Continuous Coils

This design features one continuous wire that is used to construct a row of coils. Each row is then connected using a helical wire. Continuous coil mattresses provide firmer support; however, they are not ideal for shaping the sleeper’s body and motion transfer can be an issue.

Benefits of a Spring Mattress

Innerspring mattresses are time-tested and budget-friendly. Their coils prevent heat entrapment during the night and can provide decent support for joints and pressure points. These mattresses can also be combined with pillow or Euro tops for an extra layer of cushion.

Drawbacks of an Innerspring Mattress

Spring mattresses do not absorb movement or target pressure points very well, and they act as a mattress for pressure points quite like memory foam can. Spring mattresses are also too noisy for some sleepers.

How Memory Foam and Innerspring Mattresses Compare

After looking at the strengths and weaknesses of each mattress type, let’s see how they compare in five essential categories.

Support

Both spring and memory foam mattresses can offer great neck, shoulder, and back support. Memory foam conforms to the body’s natural curves and offers pressure relief to aching joints.

However, spring beds don’t distribute body weight quite like memory foam. So anyone seeking a mattress for joint pain may need a more conforming surface.

Motion Isolation

If you share a mattress with someone who tosses and turns each night, a memory foam mattress will help absorb that movement so you don’t feel it on your side of the bed. Spring mattresses will likely bounce with movement, resulting in motion transfer and sleep disturbances.

Even if you’re not a restless sleeper, a mattress for couples should isolate motion well, just in case you have to move out of bed in the night.

Cooling

The coil layers of innerspring mattresses provide great airflow for temperature regulation. Traditionally, these mattresses sleep cooler than memory foam.

However, gel memory foam and plant-based memory foam are designed with breathability in mind to keep sleepers cool during the night. Today, memory foam might be a better choice for hot sleepers.

Durability

Because some innerspring mattresses can sink and sag after years of use, memory foam beds are generally considered to be the more durable option. Memory foam mattresses can last up to 10 years, while the lifespan for a spring mattress is usually half that.

However, this varies between manufacturers and mattress types. You can find some of the most durable mattresses with all sorts of materials.

Comfort and Pressure Relief

The highlight of a memory foam mattress is its ability to adapt to the body’s natural curves and target pressure points at the neck, shoulders, and spine. These serve as great mattresses for side sleepers who need extra support at the hips.

Spring mattresses can not do this to the same degree; their metal construction provides much less cushioning than memory foam, and some spring mattresses do not offer much pressure relief at all.

FAQs

What is the origin of memory foam?

In the early 1970’s, NASA’s Ames Research Center funded a development project designed to create a substance that could help relieve astronauts of the incredible g-forces experienced during lift-off. In the 80s and 90s, mattress manufacturers began experimenting with the new material for consumer use. Memory foam mattresses became especially popular as mattress in a boxes took off.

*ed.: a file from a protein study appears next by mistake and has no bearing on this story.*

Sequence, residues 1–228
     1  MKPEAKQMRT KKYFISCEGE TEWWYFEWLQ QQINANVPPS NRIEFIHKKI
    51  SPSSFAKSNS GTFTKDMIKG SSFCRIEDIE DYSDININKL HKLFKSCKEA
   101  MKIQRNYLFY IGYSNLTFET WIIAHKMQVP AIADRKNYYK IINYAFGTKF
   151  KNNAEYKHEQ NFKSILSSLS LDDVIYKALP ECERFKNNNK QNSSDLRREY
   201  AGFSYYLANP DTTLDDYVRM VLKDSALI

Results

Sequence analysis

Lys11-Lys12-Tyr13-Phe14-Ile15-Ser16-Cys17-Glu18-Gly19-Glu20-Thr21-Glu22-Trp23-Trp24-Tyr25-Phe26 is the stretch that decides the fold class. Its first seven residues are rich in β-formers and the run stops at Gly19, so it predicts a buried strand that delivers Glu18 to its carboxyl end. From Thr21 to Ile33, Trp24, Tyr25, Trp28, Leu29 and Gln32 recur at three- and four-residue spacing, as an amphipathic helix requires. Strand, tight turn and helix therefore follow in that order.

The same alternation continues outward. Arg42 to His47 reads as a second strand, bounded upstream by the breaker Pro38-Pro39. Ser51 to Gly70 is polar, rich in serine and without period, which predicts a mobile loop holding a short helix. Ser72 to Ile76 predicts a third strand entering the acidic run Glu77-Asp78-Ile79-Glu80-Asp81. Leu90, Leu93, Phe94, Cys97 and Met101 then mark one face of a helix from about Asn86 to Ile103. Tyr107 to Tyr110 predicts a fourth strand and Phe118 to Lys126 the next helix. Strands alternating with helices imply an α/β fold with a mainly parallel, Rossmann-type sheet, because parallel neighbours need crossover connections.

Does memory foam get softer over time?

Memory foam will eventually soften without you having to do anything, aside from sleeping on it. You won’t have to wait for very long, as memory foam only needs a few days to break in. Raising the temperature in your bedroom can be a good way to soften the memory foam and make it mold to your body more quickly.

How often should I replace my bed?

Depending on your bed, it could last 5-10 years. Generally, memory foam mattresses will last 7-10 years, while spring mattresses last 5-7.

However, it all depends on how well you take care of your mattress. Use a mattress protector and rotate your bed (if the manufacturer suggests it) to increase its lifespan.

How long should I wait before sleeping on a new memory foam mattress?

It takes 4-6 hours for the memory foam to expand 90%, and it could take another 4-6 hours to get close to full expansion. It is recommended to wait 24 hours before sleeping on a memory foam mattress. Still, it won’t hurt the mattress if you break this 24-hour rule.

Should you rotate innerspring mattresses?

Some mattresses need to be rotated every week for the first few months and every few months thereafter. Most mattresses have been designed as “no-flip” mattresses, eliminating the need for end-over-end rotation. An old innerspring mattress can be rotated 2-5 times a year.

We suggest reaching out to the manufacturer if you’re unsure how often to flip or rotate a mattress.

Which is Right for You?

Choosing the right mattress really comes down to personal preference. Both memory foam and innerspring mattresses vary in styles and types to offer support, pressure relief, durability, and temperature regulation.

If you share a mattress, memory foam might be the way to go. If you sleep hot, you may like an innerspring mattress with cooling sheets.

If you’re leaning towards a particular mattress, most retailers now offer free trial periods with the best mattresses, allowing sleepers to test a bed without making a massive commitment. This can add a little flexibility to the process.

Meg Riley Certified Sleep Science Coach

Meg Riley is a Certified Sleep Science Coach and a full-time writer focused on sleep and mattresses. She is currently the Editor-in-Chief of Sleep Junkie.

Meg started to focus on the sleep industry in 2018. Since then, she has written over 70+ articles on sleep hygiene, product reviews, and the newest trends in the mattress and bedding industry.

A non-exhaustive list of some of the topics she has written on: the effectiveness of alarm clocks, how to prevent jet lag, the NREM & REM Sleep Cycle, and causes and treatments of Restless Legs Syndrome.

Meg Riley has her undergraduate degree from Pennsylvania State University where she studied Advertising and Public Relations and wrote articles on the student experience for College Magazine.